Every US rider to race Paris-Roubaix: Pavé and the pioneers, Part 1
Where are they now? We look back at every US rider to race Paris-Roubaix and Paris-Roubaix Femmes across the decades in a three-part series.
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Paris-Roubaix is known by many names, and the iconic and brutal cobblestones of northern France fill the pages of cycling history.
The one-day rumble across the unforgiving pavé of the rural farm roads is unique in cycling. The race is one of the oldest and prestigious in men’s racing, and since its premier in 2021, the Paris-Roubaix Femmes is right at the top of any rider’s wish-list.
Across the decades, 60 men and 11 women registered in the United States have started the “Hell of the North.”
Thanks to assistance from Pascal Sergent, a Paris-Roubaix expert and an author of several books about the legendary race, the names of every U.S. rider to start Roubaix are catalogued in his personal archives.
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For U.S. riders, the race is at once a dream and an albatross — no U.S. rider has yet to win.
George Hincapie with second in 2005 is the best U.S. result and the only U.S. podium in the race’s century-plus history. Leah Thomas with 12th in 2021 is the best by a U.S. woman so far.
In a three-part series, VeloNews dives into the history books to look back at every U.S. rider to start Paris-Roubaix and Paris-Roubaix Femmes.
In part 1, we look at the first wave of riders who busted onto the European scene, the birth of the 7-Eleven and Motorola teams, and their first experiences with the “Hell of the North.”
Riders are listed in chronological order of their first start:
Check VeloNews tomorrow for Part 2.
Every US rider to race Paris-Roubaix: The Pioneers
Jonathan Boyer — 6 starts (1978, DNF; 1981, 55th; 1982, 18th; 1984, DNF; 1986, DNF; 1987, 49th): Like many American cycling milestones in Europe, Boyer was often the first. He was the first U.S. rider to land a European contract in the modern era, and the first American to finish the Tour de France. After working in Rwanda and facing criminal charges in the U.S., Boyer currently resides in Wyoming.
Greg Lemond — 10 starts (1981, 1983-1984, DNF; 1985, 4th; 1986, 30th; 1989, DNF; 1991, 55th; 1992, 9th; 1993-1994, DNF): Who says grand tour riders cannot perform well at Roubaix? The pioneering U.S. legend raced 10 times across the pavé, and finished fourth in 1985 and ninth in 1992. After returning from a hunting accident that nearly killed him, he raced Roubaix again in 1991 and 1992. His 1986 fourth place was the best by a U.S. male until Hincapie’s podium more than a decade later.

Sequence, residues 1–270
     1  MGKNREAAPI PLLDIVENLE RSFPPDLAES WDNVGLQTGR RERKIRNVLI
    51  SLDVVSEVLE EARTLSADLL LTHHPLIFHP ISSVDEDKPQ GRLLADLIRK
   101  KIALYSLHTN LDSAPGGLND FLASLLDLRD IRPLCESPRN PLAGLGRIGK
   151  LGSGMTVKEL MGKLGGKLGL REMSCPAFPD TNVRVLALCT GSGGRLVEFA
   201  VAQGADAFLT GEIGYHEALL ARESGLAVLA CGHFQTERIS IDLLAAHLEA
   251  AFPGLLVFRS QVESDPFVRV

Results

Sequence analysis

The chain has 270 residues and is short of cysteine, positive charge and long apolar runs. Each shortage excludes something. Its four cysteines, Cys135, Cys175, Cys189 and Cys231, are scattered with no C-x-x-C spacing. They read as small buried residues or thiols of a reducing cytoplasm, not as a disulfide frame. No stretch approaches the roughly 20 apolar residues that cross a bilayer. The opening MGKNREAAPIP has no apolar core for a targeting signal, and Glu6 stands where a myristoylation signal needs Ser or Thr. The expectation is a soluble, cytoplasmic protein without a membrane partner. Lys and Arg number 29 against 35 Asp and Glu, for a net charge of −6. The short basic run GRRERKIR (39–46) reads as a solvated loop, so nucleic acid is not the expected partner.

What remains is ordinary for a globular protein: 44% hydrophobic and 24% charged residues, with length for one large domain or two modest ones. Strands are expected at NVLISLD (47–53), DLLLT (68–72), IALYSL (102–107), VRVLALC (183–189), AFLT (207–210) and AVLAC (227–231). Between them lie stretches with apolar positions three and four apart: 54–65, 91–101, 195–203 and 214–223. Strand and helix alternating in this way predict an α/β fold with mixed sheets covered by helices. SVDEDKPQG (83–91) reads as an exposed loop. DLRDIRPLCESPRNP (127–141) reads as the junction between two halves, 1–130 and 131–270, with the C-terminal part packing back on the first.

John Eustice — 1 start (1982 DNF): Another racing pioneer, two-time U.S. champion Eustice raced on the pro and amateur circuits from the mid-1970s into the late 1980s. He was a founding member of Gianni Motta–Linea M.D. Italia, the first U.S. team to race a grand tour in the 1984 Giro d’Italia. He’s since worked as a TV analyst, a journalist, and founded Sparta Cycling.
John Patterson — 1 start (1984 DNF)
Doug Shapiro — 3 starts (1985, 1986, 1988 DNF): Another one of the early members of the 7-Eleven team, he actually rode his first Roubaix with Kwantum-Decosol, where he was teammates with Adrie van der Poel and Joop Zoetemelk. He raced two more times in his move back to 7-Eleven. He owns Shapiro & Associates, a witness service for bicycle-related injuries.
Chris Carmichael — 1 start (1986 DNF): He rode three seasons with 7-Eleven, but an injury cut short his pro career. He later founded Carmichael Training Systems in 2000, and stepped down as CEO in 2022.
Gavin Chilcott — 1 start (1986 DNF): Chilcott raced in the mid-1980s and later earned a PhD in microbiology. In 2010, he helped found Team BMC Racing and Team CCC as CEO of Continuum Sports with Jim Ochowicz.
Alexi Grewal — 1 start (1986 DNF): An Olympic gold medalist in road racing in Los Angeles 1984, Grewal raced until the early 1990s. His brothers also raced mountain bikes. He later settled in Colorado and works as a furniture maker.